Sunday, July 11, 2010

Republicans are not so compassionately conservative after all

At the end of June, just before their Fourth of July recess, Republican Senators and one Democrat revealed an unwillingness to help America’s jobless by ending any further debate on a bill that would extend unemployment benefits.

I am not surprised! Republicans infrequently support legislation that would provide assistance to the indigent or to families who live on Main Street, but frequently will support Wall Street. Furthermore, it’s interesting to note that this will make the third time that Massachusetts Senator Scott Brown has joined Republicans in blocking a vote on unemployment extensions.

Senate Republicans and a Democrat have denied 1.3 million unemployed Americans, many with families who have children or elders who need assistance, a financial resource that help to put food on the table, to keep a roof over their head, to maintain, pay, and put gas in their car in order to look for and report for that first day of work, or even to provide for medical care.

The Boston Globe reports, “If Congress fails to act by the end of July, an additional 2 million will lose their unemployment checks.”

As of July 1st, according to the Massachusetts Office of Labor and Workforce Development, around 30,000 residents will have lost unemployment benefits. Without another extension, another 10,000 per week will continue to see their payments end.

Senate Majority Leader Harry Reid, in order to keep the unemployment bill viable, has put forth a new version of H.R. 4213 for a cloture vote that will take place sometime after July 12. The price tag on the new bill also has been slimmed down to $33.9 billion.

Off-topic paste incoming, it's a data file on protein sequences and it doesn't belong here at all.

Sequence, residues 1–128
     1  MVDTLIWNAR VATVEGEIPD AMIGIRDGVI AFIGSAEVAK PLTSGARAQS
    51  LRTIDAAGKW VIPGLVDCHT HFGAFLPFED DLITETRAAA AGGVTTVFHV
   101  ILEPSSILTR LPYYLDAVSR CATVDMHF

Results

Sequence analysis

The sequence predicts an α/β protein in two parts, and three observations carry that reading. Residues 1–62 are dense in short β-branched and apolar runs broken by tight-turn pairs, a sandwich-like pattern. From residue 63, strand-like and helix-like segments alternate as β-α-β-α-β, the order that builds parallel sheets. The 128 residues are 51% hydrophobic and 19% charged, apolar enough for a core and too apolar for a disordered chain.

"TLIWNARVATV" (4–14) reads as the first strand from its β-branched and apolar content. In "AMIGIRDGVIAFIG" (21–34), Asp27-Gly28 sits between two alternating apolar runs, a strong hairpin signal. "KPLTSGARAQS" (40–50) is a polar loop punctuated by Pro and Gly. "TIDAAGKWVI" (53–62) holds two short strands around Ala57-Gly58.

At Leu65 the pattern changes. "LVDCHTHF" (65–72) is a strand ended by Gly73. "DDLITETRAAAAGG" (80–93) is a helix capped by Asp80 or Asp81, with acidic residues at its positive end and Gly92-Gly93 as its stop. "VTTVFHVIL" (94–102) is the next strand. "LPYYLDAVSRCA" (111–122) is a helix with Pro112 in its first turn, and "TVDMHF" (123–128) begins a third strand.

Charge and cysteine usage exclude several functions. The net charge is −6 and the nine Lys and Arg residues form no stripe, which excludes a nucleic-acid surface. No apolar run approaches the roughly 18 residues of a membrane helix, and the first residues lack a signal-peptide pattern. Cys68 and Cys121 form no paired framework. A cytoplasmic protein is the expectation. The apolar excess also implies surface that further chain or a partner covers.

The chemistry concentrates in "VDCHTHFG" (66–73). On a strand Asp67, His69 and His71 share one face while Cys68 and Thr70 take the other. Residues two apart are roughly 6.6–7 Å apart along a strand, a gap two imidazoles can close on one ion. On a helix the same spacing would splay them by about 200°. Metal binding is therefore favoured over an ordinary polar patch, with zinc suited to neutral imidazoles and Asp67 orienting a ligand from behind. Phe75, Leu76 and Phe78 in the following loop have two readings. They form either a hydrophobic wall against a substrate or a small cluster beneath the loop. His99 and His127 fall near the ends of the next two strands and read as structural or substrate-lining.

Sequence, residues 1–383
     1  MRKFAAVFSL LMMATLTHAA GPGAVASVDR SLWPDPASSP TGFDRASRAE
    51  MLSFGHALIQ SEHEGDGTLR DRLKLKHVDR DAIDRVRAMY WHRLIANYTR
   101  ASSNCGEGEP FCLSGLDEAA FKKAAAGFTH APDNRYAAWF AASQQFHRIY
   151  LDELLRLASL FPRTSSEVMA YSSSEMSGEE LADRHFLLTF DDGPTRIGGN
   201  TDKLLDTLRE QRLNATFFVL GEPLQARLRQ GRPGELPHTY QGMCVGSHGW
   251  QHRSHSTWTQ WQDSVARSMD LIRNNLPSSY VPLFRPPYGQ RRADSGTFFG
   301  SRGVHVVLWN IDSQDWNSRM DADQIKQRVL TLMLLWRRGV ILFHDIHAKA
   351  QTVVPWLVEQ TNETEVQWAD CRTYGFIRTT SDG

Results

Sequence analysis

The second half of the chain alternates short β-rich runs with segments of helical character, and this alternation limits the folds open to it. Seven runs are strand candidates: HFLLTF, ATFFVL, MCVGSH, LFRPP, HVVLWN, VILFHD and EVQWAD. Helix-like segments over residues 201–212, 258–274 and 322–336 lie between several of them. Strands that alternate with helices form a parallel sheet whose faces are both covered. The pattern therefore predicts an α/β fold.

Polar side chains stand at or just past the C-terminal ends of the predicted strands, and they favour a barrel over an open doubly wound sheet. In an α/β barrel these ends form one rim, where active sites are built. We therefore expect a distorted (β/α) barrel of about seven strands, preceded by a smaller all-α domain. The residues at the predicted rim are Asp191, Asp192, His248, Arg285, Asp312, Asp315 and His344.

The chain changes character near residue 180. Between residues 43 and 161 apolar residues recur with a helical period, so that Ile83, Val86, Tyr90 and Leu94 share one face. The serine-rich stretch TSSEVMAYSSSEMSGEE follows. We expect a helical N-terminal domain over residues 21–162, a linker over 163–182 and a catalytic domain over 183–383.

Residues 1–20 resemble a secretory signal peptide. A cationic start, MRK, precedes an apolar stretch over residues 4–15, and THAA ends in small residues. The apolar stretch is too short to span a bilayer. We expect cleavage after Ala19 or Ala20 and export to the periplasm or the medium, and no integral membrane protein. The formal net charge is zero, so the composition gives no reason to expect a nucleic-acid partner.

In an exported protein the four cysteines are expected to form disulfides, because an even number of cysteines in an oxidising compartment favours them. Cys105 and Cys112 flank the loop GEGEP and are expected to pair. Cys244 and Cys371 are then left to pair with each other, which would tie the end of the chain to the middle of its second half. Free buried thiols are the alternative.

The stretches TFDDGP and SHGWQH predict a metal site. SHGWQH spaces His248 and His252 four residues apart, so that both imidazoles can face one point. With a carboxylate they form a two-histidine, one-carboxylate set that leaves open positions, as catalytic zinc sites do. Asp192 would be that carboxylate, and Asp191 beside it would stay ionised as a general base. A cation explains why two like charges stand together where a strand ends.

However, no one should expect quick action. On their first day back, the Senate is set to consider a motion to “proceed to” H.R. 5297, the Small Business Lending Act of 2010.

And, don’t forget, we still have the Republicans who say it’s not being fiscally responsible to legislate an unemployment benefit extension without providing the means for funding it, despite the fact that passing this legislation under emergency funding has been the precedent for 30 years.

This Republican requirement is inexplicable, I am sure you will remember that with the 2008 TARP legislation, banks received billions in emergency funds.

Senator Brown said he would vote for extended unemployment assistance if money for it came from unused stimulus funds. However, the unused stimulus funds were earmarked for stimulus projects as they came on line, as, for example, the Pembroke, Massachusetts, Center Shopping Plaza Project that just came on line as a result of recently awarded federal stimulus money.

It’s also interesting to note that House Minority Leader John Boehner has essentially said that reforming the country's entitlement system will be necessary to ensure there's enough money to pay for the war. Evidently, Republicans believe that spending on spent bullets and bombs that have killed millions of innocent human beings is more important than assisting unemployed American workers.

Wouldn’t it be refreshing if “compassionate conservatism” really existed?

To avert layoffs, many businesses cut work hours, shorten workweeks, curtail pay increases, and reduce benefits in order to marginalize the need for layoffs. They have employed every conceivable way to keep their workers on the job throughout this fiscal crisis.

The employers and employees who have participated in those actions have shown that they are willing to do what they can to lessen the unemployment threat in their workplaces.

Wouldn’t it be refreshing if Congress sacrificed as so many American workers have, perhaps take a pay cut in order to pay for unemployment and help fund those wars?

“How would that work for ya?”

Do I hear “You Betcha?”